Hard to believe, but 50 years ago it was perfectly legal to discriminate against someone because of their race, religion, gender or national origin.

Discrimination was a fact of life for many Americans. In the workplace, non-white and female employees had no meaningful legal recourse to fight against lower pay, poor working conditions, fewer opportunities and discrimination.

The Civil Rights Act of 1964, signed by President Lyndon B. Johnson, was a game-changer. It set us on a path toward equality for all Americans. It’s a road we’re still treading, in fits and starts, on our way to a better society. And I’m pleased that Oregon continues to help lead the way.

In fact, Oregon passed its civil rights act in 1953, a full 11 years ahead of Congress. And in recent years, we have extended civil rights laws to protect interns on the job and all people based on their sexual orientation.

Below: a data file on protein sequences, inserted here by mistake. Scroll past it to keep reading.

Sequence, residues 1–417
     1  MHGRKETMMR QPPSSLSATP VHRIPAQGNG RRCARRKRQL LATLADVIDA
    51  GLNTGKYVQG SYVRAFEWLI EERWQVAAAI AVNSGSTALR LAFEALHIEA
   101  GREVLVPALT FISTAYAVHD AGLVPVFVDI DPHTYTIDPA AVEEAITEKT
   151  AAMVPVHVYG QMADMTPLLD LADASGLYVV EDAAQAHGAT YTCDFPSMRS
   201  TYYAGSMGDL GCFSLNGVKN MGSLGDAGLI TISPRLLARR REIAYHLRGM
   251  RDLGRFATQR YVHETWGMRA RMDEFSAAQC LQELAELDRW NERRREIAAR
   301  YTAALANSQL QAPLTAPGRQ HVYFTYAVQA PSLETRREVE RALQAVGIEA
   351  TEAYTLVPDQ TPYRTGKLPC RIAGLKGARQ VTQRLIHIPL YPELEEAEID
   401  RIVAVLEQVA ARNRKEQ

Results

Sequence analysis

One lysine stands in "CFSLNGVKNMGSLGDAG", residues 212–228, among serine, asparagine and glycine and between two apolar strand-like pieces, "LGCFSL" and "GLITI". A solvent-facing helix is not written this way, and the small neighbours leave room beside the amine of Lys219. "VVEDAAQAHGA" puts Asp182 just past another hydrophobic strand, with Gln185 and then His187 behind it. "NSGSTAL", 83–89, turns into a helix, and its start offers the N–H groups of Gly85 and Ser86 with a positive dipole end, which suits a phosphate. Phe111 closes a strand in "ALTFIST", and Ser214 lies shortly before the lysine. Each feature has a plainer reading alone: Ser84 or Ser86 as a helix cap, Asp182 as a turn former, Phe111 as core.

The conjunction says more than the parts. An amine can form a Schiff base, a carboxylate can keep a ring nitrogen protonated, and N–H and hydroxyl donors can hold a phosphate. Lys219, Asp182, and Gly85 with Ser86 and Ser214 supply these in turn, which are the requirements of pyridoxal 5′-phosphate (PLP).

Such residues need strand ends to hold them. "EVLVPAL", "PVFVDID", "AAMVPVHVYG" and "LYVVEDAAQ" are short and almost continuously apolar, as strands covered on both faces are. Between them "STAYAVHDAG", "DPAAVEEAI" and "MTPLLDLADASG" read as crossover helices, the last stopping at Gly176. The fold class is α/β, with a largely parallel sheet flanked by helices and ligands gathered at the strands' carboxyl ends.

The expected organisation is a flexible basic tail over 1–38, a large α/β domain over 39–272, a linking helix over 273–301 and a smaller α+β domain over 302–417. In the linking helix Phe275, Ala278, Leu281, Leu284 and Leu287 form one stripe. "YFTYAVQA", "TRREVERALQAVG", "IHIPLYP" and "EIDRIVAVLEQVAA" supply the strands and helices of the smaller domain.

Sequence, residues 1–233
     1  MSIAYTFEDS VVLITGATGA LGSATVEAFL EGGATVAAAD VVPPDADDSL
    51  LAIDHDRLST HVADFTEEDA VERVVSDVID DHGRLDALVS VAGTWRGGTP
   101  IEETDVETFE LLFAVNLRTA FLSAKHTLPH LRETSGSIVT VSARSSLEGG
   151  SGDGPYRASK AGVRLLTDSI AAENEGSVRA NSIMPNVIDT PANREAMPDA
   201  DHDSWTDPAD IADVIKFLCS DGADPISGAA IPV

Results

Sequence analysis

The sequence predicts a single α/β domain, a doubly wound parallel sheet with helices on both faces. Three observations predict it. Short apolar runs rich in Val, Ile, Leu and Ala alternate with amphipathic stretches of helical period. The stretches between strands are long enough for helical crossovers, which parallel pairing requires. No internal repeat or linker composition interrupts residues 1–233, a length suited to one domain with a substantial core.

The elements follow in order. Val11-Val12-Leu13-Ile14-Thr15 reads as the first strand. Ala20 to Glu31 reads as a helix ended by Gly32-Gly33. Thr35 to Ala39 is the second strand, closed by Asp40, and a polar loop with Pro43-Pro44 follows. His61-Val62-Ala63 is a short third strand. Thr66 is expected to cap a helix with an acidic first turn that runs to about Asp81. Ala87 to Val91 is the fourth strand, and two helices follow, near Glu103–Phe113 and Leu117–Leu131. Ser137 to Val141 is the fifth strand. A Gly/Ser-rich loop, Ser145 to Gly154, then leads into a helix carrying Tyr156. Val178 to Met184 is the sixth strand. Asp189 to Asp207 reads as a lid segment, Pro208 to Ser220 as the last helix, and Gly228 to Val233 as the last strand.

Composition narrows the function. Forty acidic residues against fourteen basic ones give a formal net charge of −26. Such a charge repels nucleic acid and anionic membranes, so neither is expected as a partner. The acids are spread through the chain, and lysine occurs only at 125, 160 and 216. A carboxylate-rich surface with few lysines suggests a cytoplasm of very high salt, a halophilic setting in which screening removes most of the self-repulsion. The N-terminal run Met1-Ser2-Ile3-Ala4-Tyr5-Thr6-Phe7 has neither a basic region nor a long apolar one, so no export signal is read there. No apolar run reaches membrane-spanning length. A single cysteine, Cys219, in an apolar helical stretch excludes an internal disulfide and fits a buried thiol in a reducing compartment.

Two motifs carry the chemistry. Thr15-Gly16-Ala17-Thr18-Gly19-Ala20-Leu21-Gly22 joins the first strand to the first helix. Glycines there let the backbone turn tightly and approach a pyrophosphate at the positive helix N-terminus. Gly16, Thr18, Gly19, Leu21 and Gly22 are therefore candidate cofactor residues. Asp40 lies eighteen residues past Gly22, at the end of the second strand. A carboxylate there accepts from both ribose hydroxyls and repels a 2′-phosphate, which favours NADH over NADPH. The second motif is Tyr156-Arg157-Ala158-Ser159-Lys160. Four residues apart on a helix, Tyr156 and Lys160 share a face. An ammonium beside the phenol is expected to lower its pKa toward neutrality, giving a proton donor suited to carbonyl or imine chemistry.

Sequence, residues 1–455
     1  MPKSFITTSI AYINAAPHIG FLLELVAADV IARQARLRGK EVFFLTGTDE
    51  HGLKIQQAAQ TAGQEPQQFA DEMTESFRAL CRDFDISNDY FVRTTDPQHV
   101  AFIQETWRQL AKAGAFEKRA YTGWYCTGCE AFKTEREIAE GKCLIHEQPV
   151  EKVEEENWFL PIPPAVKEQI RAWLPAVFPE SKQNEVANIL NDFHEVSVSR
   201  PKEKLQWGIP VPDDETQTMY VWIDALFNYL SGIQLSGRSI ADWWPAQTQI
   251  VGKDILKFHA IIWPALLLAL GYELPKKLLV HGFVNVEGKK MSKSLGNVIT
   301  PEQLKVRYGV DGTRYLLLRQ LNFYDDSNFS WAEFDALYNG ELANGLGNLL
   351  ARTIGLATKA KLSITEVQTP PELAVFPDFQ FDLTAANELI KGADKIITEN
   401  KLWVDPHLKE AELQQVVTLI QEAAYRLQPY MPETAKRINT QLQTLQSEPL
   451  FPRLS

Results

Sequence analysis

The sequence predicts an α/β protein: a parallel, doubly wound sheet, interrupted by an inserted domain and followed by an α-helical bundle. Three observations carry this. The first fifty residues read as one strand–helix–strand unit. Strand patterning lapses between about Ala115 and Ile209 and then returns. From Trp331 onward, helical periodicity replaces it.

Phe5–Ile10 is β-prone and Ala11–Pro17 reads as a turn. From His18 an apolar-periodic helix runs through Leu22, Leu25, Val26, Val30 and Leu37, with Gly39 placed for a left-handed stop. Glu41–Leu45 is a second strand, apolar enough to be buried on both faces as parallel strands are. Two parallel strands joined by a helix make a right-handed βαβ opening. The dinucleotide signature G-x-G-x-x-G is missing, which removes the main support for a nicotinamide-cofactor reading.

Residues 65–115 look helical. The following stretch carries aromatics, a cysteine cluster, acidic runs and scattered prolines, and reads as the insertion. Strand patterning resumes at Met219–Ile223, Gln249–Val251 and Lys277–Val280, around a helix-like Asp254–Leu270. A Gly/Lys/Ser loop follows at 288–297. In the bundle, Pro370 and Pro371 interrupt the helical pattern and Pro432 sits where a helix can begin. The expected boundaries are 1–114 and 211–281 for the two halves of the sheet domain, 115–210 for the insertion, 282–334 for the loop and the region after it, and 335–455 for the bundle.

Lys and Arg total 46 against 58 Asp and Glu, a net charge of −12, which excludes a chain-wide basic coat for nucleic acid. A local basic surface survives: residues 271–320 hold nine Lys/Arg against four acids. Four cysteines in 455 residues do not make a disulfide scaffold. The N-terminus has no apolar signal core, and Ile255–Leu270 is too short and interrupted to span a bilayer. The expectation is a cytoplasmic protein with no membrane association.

As we look back on how far we’ve come, let’s not lose sight of the road ahead. One step is for Congress to follow Oregon’s lead and pass a federal law prohibiting workplace discrimination against lesbian, gay, bisexual and transgender Americans.

The U.S. Senate has already passed the Employment Non-Discrimination Act and, just last week, the president announced his intention to soon issue an anti-discrimination executive order covering government contractors.

Now, it’s time to give this basic protection a vote in the U.S. House of Representatives.

As Oregon’s labor commissioner, it’s my job to enforce the civil rights laws that give everyone a fair shot at a job, a place to live and access to public places. It’s a responsibility that I welcome and take on with all urgency.

You have been a great partner in this effort, and I am grateful for all you do to make Oregon a fairer state — one that is ever more accepting of all people.

Brad Avakian is commissioner of Oregon’s Bureau of Labor and Industries, and a Beaverton resident.

Contract Publishing

Go to top
Template by JoomlaShine